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The approaching elections in Turkey

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Tulu Gümüştekin

The general elections will be held on June 7, the first weekend of the month. This is the second time that President Recep Tayyip Erdoğan will not be able to be a candidate in parliamentarian elections since 2002 because he was elected president in August 2014. He was unlawfully prevented from participating in the 2002 general elections despite being the leader of the Justice and Development Party (AK Party), which gained its first electoral victory less than two years after its foundation.

Erdoğan was elected to Parliament and officially become prime minister only after a by-election was organized a few months after the AK Party victory. Ever since, he has won all the electoral contests he has participated in, almost every time increasing his popular support.The popular and personal support for Erdoğan has created an interesting balance in Turkish politics. Voters tend to support a leader rather than a party. This happened in Turkish politics when Adnan Menderes was elected prime minister after the first real multi-party elections in 1950. Normally, Menderes should have remained second fiddle in the Democrat Party, winning the absolute majority, because the leader of the party, Celal Bayar, was a former prime minister, companion in arms of Mustafa Kemal Atatürk and dignitary of the newly established Turkish Republic. Instead, leadership went to the young party executive Menderes who received incredible popular support and whose reputation and memory remained intact even after having been deposed following the first military coup and after having been legally murdered.

Popular infatuation with Menderes has remained unequalled. Neither former prime ministers and presidents Süleyman Demirel nor Turgut Özal received such overwhelming support and love at the height of their popularity. The second elected politician in Turkey to have largely attained and surpassed Menderes’s popularity and charisma is definitely Erdoğan. Very much like Menderes, at the inception of the AK Party, he was one of the four founders. Menderes had Celal Bayar, Mehmet Fuat Köprülü and Refik Koraltan to move away from the main political movement, the Republican People’s Party (CHP), and its immovable leader İsmet İnönü. Erdoğan was with Abdullah Gül, Bülent Arınç and Abdüllatif Şener when they decided to move away from the Welfare Party and its immovable leader Necmettin Erbakan. He has become a political icon and a very gifted leader in a very short time. He was, like Menderes, adulated by the masses and became a symbol of new policymaking and a new regime. Unlike Menderes, Erdoğan was able to dismantle the anti-democratic opposition of the military and the bureaucratic establishment. His influence on Turkish and international politics has been ever growing, and the coming elections will in fact be a contest between Erdoğan and his opposition.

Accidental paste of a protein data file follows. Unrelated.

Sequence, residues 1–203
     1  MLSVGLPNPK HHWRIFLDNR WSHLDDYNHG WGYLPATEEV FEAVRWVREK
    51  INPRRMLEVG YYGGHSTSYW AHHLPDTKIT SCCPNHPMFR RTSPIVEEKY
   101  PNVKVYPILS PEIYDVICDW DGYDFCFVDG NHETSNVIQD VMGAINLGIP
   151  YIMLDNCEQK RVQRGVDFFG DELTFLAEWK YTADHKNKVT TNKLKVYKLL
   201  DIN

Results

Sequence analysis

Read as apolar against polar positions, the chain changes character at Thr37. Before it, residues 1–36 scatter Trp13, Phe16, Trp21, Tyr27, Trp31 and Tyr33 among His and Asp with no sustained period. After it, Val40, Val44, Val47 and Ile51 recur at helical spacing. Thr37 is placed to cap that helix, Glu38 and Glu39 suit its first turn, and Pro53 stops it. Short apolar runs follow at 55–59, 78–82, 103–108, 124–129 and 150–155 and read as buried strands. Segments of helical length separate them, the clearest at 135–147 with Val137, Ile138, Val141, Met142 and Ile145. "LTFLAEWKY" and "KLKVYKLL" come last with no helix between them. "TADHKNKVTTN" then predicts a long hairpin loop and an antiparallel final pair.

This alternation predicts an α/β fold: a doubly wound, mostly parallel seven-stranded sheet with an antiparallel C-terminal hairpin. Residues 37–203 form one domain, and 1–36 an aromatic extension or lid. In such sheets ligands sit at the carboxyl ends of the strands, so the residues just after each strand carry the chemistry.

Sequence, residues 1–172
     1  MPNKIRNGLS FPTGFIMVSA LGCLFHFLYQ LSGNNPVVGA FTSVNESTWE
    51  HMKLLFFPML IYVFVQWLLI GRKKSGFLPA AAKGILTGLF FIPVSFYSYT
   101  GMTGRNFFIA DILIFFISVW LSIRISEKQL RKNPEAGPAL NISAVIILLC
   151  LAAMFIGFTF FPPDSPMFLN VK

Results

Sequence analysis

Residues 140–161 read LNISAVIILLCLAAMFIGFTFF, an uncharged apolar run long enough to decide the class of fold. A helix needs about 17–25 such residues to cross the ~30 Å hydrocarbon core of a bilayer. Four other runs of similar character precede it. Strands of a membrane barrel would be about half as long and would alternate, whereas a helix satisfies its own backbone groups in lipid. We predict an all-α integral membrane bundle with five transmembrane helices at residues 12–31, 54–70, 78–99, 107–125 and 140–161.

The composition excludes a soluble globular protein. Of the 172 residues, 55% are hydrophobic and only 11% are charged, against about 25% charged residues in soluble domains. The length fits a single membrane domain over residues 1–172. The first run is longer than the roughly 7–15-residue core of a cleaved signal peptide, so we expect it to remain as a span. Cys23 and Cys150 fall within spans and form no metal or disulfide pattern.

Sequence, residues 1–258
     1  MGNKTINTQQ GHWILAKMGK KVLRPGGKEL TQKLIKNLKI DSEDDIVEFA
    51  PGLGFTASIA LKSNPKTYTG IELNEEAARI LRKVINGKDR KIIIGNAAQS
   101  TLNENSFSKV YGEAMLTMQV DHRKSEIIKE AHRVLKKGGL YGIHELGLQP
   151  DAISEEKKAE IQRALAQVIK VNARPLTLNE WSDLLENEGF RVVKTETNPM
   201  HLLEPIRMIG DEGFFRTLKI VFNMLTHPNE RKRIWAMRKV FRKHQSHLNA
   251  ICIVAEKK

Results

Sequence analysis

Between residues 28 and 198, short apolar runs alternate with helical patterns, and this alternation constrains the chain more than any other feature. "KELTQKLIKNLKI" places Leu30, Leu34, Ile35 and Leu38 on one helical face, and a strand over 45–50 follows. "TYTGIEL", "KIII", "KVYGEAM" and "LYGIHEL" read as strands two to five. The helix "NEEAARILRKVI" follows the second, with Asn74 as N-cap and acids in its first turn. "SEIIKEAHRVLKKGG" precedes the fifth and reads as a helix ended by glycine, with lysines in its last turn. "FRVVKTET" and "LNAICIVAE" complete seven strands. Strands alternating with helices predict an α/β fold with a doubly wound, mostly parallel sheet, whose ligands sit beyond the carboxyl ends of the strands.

Nobody seriously thinks that the AK Party will not win the coming elections, although there is a wide consensus that the party may not attain 52 percent of the vote, which allowed Erdoğan to get elected in the first round of the presidential election last August. Whatever the percentage of votes for the ruling AK Party might be in five weeks, it is obvious that if it wins 330 seats in Parliament or if any political consensus emerges for the new constitution that Erdoğan wants, there is almost no doubt that a popular referendum will back his political desires.

This has created a peculiar momentum in Turkish politics where the political divide is not between such or such political parties or ideologies, but between proponents of Erdoğan and his opponents. His wish to establish a presidential regime directly answering to voters mainly stems from this interesting and important evolution of Turkish society.

Source: Al Sabah Daily